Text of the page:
"All I Want For Christmas Is A Divorce!" An Open Letter to My Ex

blown away
Love, Heartbreak

Then he told me he was in love with another woman (and this news ended up being a gift in disguise).

Dear Ex-Husband,

I thought of you today. It happens almost every Christmas when I put up the Christmas tree. The scene replays in my mind and I swear I can once again hear you saying to me, "All I want for Christmas is a divorce; I'm in love with someone else".

My body still recalls the moments after you said those words. My heart stopped, I couldn't breathe, and it felt like the roof and walls were caving in. For a moment I thought I would die.

But, I didn't.

It's almost funny now (years later), but it certainly wasn't then. I remember thinking: Are you freaking kidding me? It's Christmas Eve!

If I had the wisdom and the emotional resilience then, that I have now, I'm sure I would've done things differently. Perhaps, after time and the shock wore off, we could have even parted as friends. That wasn't the case.

Instead, my autopilot survival switch kicked in, and 40 thousand hormones began surging through my body, preparing me to fight or flee. If memory serves me, I did both at the same time.

If, in that instant, the wisest part of me had shown up, with the emotional intelligence and resilience I've developed since then, I'm sure I would've asked for a time out, gathered my thoughts, and regained my emotional balance. Instead, I threw you, your clothes and my wedding rings out the front door screaming "Merry f*cking Christmas to you and good night, you lousy cheater," while in the same breath begging you not to go.

I wish I'd been more emotionally resilient; it would have saved us both a lot of pain.

If the emotionally present, authentic, and wiser marriage partner in me now had been a party to our relationship, I would've done things differently, both in that moment and in our marriage. I would have loved me, listened to and honored the quiet voice inside me, instead of hiding from my fear that you were having an affair.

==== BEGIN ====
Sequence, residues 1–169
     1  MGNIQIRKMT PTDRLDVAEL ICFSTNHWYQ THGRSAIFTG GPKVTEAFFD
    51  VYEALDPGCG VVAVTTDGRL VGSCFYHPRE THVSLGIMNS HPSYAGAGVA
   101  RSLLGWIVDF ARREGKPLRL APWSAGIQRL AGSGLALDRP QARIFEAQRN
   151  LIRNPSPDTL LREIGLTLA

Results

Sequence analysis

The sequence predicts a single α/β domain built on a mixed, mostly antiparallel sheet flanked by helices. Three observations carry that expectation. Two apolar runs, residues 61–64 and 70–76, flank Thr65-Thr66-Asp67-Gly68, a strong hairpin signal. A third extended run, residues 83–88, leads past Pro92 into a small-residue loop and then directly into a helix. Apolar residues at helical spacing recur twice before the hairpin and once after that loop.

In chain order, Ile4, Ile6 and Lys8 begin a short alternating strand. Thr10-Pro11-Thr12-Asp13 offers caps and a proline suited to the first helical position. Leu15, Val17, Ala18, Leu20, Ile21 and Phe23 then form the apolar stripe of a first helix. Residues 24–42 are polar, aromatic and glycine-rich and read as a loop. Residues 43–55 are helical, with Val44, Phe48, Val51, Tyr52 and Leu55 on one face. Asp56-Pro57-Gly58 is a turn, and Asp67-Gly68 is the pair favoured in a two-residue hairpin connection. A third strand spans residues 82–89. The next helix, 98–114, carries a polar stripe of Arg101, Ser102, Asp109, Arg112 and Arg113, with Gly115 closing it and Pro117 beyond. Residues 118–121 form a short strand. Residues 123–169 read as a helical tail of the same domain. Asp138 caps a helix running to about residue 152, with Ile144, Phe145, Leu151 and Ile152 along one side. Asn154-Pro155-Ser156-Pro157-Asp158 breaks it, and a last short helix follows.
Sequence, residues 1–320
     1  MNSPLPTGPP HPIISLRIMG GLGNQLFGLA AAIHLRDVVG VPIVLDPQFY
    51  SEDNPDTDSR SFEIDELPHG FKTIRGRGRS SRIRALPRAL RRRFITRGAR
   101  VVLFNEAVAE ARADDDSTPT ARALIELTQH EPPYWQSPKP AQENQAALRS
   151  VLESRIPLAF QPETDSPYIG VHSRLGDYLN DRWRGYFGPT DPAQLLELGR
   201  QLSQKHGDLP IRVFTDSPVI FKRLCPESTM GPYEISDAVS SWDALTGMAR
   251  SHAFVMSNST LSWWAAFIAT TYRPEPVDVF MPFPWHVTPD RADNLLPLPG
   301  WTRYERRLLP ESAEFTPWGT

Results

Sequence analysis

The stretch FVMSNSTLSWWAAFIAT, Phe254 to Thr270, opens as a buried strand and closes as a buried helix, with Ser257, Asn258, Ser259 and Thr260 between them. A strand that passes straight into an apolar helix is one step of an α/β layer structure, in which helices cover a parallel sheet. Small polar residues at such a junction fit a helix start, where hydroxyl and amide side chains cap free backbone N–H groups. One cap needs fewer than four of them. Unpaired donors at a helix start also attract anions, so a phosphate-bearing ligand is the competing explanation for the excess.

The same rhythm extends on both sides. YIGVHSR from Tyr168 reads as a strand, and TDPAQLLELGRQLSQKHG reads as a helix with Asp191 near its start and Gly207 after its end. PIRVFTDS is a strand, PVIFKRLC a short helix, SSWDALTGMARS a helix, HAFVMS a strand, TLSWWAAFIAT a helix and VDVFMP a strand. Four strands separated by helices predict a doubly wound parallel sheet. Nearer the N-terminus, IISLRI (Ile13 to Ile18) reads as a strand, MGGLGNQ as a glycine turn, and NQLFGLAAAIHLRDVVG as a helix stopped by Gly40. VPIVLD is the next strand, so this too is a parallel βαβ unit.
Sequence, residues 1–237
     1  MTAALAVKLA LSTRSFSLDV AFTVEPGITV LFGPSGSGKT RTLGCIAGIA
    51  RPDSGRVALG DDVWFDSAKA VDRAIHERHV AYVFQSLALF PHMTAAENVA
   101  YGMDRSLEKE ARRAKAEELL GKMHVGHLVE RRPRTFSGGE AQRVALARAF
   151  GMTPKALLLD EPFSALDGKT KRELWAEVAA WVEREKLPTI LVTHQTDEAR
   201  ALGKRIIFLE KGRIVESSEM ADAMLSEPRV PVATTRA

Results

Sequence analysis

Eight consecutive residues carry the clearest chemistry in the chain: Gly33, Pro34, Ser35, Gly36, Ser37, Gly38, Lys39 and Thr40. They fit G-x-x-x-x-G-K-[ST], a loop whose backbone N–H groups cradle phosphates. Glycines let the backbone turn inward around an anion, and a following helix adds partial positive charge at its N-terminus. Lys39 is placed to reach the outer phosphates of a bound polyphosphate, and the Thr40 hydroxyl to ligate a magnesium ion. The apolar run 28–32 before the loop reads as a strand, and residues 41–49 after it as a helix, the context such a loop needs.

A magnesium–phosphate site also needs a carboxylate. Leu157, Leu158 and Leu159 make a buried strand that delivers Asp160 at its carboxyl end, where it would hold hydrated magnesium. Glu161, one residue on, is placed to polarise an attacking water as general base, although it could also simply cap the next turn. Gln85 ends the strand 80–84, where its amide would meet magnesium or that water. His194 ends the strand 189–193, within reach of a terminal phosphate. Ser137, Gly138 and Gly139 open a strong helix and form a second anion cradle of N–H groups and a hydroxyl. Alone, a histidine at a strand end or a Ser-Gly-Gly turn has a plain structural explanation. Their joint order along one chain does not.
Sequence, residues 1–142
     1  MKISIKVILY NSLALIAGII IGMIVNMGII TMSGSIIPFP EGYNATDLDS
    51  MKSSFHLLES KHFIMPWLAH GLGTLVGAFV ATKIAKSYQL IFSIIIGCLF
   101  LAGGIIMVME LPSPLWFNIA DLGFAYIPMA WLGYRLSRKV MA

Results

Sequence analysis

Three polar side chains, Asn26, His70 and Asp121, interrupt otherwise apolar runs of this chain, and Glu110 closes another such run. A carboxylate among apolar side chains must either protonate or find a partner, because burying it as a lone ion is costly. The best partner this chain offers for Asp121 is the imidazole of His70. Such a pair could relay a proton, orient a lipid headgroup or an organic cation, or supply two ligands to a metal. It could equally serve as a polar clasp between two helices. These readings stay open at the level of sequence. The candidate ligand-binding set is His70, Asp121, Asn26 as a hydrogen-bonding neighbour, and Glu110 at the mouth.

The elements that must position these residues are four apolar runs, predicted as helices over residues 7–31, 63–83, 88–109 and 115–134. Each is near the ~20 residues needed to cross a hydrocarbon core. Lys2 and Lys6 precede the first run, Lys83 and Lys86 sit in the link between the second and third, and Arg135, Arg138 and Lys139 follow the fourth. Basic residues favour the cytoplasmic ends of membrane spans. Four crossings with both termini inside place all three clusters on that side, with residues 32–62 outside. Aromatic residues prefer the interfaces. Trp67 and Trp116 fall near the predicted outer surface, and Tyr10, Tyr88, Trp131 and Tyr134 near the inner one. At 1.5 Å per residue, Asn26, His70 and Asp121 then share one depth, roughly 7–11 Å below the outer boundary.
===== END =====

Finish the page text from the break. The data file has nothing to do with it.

I would've stepped up, taken responsibility for my feelings, and actively voiced my concerns about the marriage many years before I did. I was ready to call it quits long before you did. The fact is, I left you (and myself) emotionally long before you left.

I stayed in the marriage because I didn't want to experience the fear and the pain, the same pain I watched my parents and friends go through on their divorce journey.

I didn't know than that in the end, you were honest about your betrayal and dishonesty. I wasn't honest about my dishonesty with either one of us.

Now, I'm absolutely sure that you "don't know what you don't know until you know it." You won't know what you don't know, unless you're truthful with yourself and others.

The gift you gave both of us that Christmas was the freedom to share authentically with ourselves, each other, our friends, and family.

Over the years, I've come to appreciate and value the courage it took to show up and ask for what you wanted, regardless of the risk or cost. I consider it one of the best presents you ever gave me; but, I admit it took some time to get here.

The events that night forced me to dig deep inside myself, reclaim the parts of me I'd tucked away, and begin reinventing my relationship with myself from the inside out.

One of the insights I discovered along the way is that while honesty, compassion, unconditional love, acceptance, and forgiveness are typically my autopilot response with others, I rarely give those to myself.

This year, I'm giving myself permission to store the memory of that night away for good. Next year, when I pull the tree out and all the boxes of decorations, I'll leave that box of memories on the shelf.

I'll invest my emotional energy in creating Kodak moments with the man I share my life with now, who's also a beneficiary of your gift. We both thank you and wish you and yours a Merry Christmas and Happy New Year.

Learn more about finding emotional health on the other side of divorce. 


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